Mostly cloudy, muggy, scattered showers. Following yesterday's storms which affected some parts of the area much more than others (see the rainfall map below), clouds and some showers have persisted today ahead of a cold front working its way southeastward through the Ohio Valley. National Airport, which eked out only 0.03" yesterday, picked up 0.11" in a heavy shower between 2pm and 3pm. Temperatures around the region are generally in the upper 70s with very humid dewpoints of 69-73°.
Scattered showers and some thunderstorms are likely through this evening as a line of storms now in southern Pennsylvania moves southeastward. Tomorrow, we clear things out and begin a warming trend. For the detailed outlook through the weekend and beyond, scroll on down to Josh's post below.
Where you stand on yesterday's storms depends on where you sit. While areas from southern Frederick Co. through Howard Co. and most of the immediate Baltimore metro area got nice soakings of ½" or more (shades of green), the amounts tailed off sharply to the south. Nearly all of the areas inside the DC Beltway got less than ¼" (lighter shades of blue), and there was virtually nothing south of Fairfax Co. in VA and central Prince George's Co. in MD.
Experimental precipitation map for 24 hr. ending 8am this morning from NWS
Considering that National Hurricane Center directors traditionally have come from within the ranks of the Center staff, the Proenza controversy (see "Havoc at the Hurricane Center" in Dan's post from yesterday) seems to be taking on at least some of the aspects of a bureaucratic food fight. Meanwhile, NOAA HQ is quoted as saying that the special assessment team currently evaluating the situation at NHC has nothing to do with Proenza's previous statements. Two Florida members of Congress, however, are questioning that assertion. Would you like an order of fries with that bridge you're buying, Admiral?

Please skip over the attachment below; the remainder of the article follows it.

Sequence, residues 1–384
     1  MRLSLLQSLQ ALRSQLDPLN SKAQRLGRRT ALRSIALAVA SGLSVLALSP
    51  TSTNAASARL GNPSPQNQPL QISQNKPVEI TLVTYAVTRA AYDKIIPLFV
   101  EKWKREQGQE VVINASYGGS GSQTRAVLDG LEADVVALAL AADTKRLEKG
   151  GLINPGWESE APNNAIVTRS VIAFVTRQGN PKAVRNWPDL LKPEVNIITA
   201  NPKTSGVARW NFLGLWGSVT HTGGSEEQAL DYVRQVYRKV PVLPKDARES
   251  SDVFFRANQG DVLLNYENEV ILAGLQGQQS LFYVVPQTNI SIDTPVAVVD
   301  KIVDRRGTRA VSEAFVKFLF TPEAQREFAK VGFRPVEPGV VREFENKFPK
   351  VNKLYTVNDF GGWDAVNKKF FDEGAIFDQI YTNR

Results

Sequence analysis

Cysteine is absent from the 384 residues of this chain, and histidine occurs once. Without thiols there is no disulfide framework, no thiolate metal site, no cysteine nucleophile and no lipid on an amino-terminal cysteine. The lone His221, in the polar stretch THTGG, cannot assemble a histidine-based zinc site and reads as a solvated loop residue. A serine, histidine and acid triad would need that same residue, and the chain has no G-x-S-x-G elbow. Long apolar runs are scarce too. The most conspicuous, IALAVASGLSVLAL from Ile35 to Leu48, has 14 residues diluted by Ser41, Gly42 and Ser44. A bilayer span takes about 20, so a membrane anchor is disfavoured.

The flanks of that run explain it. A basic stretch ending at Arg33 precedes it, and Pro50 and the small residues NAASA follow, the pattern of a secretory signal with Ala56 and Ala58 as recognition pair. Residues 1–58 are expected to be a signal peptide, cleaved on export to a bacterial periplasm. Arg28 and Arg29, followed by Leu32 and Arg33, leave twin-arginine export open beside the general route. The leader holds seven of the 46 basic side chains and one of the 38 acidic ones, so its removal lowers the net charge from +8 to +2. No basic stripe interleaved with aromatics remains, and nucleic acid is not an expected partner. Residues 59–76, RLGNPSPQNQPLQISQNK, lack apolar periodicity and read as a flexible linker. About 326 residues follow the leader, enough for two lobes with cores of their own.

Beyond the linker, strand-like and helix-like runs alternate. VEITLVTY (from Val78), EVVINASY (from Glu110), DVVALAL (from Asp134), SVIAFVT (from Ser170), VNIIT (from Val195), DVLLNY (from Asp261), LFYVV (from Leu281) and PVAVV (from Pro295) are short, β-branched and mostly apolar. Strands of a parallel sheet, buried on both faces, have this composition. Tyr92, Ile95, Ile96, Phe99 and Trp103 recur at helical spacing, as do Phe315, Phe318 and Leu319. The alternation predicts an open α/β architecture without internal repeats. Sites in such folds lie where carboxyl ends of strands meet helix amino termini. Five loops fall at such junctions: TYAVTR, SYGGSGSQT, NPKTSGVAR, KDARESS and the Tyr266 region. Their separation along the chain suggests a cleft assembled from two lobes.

Wunderground hurricane blogger Jeff Masters weighed in last night with his opinion on Proenza's QuikSCAT satellite concerns. He concludes that "NHC official forecasts for landfalling storms in the Atlantic would not be significantly affected by the loss of the QuikSCAT satellite." On the other hand, Masters does strongly support Proenza's legitimate concerns regarding budgets for research in particular and the Hurricane Center overall, especially in light of NOAA's PR focus on brand identity and anniversary celebrations.
Mediarology: Earth Comes Alive on 07/07/07
The Weather Channel will be providing coverage of the Live Earth concerts on Saturday. Coverage begins with reports on "Abrams and Bettes" and "Evening Edition" Friday night and continues with live broadcasts from Giants Stadium on "Weekend View" Saturday morning (7-11am). "Forecast Earth" (Sunday 5-6pm) will take a broader look at Live Earth and the environmental issues it represents.
Widespread coverage is also scheduled on NBC and its affiliated networks. The NBC main network will have coverage from 8-11pm. Bravo will have coverage from 9am Saturday through 2:30am Sunday, Sundance will run from 4am Saturday through 2am Sunday, MSNBC will have periodic reports throughout the day, and CNBC will be on from 7pm Saturday through 2am Sunday. Some coverage will also be available on Telemundo and Univision.
Live streaming will be available on MSN. Radio broadcasting will be provided by both XM and Sirius.